I'm reading The Faerie Queene for Heather's challenge this year and have started reading Book I. I've decided the best thing for me to do, because there is so much here, is to do a few posts on it as I read my way through it. Today, I thought I'd let you know ten things I should have known but didn't learn until I started reading this:
1. The English language used to have contractions of m & n represented by a tilde above the preceding vowel (e.g. "from" would be "frõ"). Cool. I wish we still did that; don't you?
2. The Faerie Queene is Queen Elizabeth I. Surely I learned that when we studied bits of it in my Brit. lit. survey course in college, but I'd completely forgotten it. I seem, since I was a child, to have always mixed up the Snow Queen and the Faerie Queene. Ridiculous, I know, but so be it.
3. Spenser is thought of as the great precursor to Milton. I can see why, and how that has managed not to sink in until now is beyond me.
4. Apparently, we don't know Spenser's exact birth date, but he was only something like six years old when Queen Elizabeth took the throne. That's plenty of time to build up some boyhood idolatry (despite the fact that if he's writing Christian allegory, which he is, he should know better than to be dabbling in idolatry).
5. C.S. Lewis was apparently enamored of Spenser. Maybe that's why I confused the faerie and snow queens as a child (see The Lion, The Witch, and The Wardrobe).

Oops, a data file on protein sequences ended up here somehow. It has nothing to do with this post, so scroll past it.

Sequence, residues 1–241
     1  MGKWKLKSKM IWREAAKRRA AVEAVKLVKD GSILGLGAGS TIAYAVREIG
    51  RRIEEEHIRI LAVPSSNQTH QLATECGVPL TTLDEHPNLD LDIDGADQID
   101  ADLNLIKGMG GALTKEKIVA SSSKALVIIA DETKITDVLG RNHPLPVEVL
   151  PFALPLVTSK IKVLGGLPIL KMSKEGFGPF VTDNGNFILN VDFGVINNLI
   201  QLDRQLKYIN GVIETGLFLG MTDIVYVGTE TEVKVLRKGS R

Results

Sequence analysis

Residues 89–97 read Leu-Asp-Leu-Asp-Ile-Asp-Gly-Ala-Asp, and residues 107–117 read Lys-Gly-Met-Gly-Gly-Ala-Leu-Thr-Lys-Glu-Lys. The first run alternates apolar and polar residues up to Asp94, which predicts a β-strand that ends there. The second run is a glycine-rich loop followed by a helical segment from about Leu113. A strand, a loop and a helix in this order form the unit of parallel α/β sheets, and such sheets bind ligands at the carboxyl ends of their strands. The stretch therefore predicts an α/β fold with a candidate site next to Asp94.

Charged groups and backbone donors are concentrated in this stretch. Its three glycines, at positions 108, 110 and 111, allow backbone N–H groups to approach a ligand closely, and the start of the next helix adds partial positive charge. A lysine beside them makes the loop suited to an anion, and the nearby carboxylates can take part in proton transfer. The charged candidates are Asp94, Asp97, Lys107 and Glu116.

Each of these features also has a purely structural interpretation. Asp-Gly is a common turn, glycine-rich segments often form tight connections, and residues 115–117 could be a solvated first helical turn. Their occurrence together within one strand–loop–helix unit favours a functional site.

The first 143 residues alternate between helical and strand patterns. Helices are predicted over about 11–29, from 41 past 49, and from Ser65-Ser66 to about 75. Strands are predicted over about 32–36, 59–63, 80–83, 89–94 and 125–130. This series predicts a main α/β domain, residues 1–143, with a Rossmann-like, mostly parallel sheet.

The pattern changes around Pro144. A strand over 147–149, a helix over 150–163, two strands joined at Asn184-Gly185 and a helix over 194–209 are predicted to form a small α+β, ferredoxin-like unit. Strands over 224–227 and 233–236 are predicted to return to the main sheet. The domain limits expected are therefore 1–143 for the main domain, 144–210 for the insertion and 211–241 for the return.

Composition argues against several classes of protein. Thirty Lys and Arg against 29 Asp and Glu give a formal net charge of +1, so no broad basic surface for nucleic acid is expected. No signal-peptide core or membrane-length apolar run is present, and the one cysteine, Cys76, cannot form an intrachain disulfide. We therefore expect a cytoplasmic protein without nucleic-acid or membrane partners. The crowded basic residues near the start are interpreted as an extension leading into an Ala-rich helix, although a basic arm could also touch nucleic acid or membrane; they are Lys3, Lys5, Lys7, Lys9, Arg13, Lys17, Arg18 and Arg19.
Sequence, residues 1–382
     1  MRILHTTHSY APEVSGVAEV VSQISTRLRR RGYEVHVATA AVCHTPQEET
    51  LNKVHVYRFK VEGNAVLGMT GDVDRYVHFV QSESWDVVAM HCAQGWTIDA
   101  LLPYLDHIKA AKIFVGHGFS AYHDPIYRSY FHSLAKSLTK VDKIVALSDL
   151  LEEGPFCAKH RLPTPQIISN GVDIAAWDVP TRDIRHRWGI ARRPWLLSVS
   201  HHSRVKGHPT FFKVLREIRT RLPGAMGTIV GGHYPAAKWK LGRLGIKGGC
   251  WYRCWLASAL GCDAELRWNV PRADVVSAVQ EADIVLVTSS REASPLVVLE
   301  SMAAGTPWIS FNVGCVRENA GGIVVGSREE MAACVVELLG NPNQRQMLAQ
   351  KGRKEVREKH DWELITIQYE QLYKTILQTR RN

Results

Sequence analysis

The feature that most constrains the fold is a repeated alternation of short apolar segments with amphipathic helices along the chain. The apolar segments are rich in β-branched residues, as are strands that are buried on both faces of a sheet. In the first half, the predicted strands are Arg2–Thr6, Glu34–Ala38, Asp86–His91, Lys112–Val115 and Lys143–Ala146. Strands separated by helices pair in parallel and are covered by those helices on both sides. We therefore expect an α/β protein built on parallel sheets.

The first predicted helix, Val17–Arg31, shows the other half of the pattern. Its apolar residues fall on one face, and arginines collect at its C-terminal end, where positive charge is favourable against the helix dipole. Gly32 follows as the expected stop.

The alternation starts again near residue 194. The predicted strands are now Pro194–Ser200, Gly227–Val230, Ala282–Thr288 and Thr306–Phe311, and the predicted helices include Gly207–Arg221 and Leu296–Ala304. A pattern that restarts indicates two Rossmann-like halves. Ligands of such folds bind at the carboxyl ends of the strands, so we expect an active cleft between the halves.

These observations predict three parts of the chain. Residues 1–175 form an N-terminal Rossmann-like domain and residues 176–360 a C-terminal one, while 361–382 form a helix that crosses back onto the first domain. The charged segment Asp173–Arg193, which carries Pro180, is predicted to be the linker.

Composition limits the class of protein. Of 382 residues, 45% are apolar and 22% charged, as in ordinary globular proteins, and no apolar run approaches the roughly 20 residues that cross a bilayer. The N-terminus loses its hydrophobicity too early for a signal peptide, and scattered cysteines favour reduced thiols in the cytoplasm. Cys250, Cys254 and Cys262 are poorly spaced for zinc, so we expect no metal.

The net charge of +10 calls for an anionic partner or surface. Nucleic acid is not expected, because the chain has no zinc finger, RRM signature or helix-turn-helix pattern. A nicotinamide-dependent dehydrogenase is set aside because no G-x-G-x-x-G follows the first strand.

6. Spenser was not beyond making grave literary mistakes that were actually grave political mistakes, so he started off with 10 dedicatory sonnets to this work, but ended up having to do another version with 17 sonnets. That's because he forgot to write a sonnet for William Cecil, a.k.a, Lord Burleigh (a man not to be forgotten). In order to add him, he had to add another book signature, which meant lots of blank pages to fill (hard to believe, but the production piece of publishing was even more difficult in those days than it is today).
7. Reading dedicatory sonnets, no matter how cleverly and beautifully written, gets awfully tedious after a while, when you're ready to get on with the meat of the work.
8. If Spenser's "Letter of the Authors" is any indication, he was much better at writing poetry than prose. I lost count of how many times I found myself thinking "Huh?" and going back to re-read a line thrice over.
9. Nonetheless, Spenser is a man I knew I was going to love the minute I read this quote from that very letter:
"So much more profitable than gratuitous is doctrine by ensample than by rule." (p. 16)(I think I'm in for a very long "ensample" of this.)
10. I wish we still used "Your most highly affectionate" as a signature for letters. Maybe I'll start using that when I write to my 2009 pen pals, especially Heather. Any of the rest of you pen pals object to that?
More to come (though probably not in list form). I will give you a sneak preview by telling you that I'm just about to begin "Canto III," and I am enjoying it immensely. Dare I even saying "loving it?" Dare I even say this is the sort of thing that is right up Emily's alley: Knights and Ladies and Dragons and Magicians and Sprites Performing Dastardly Deeds...?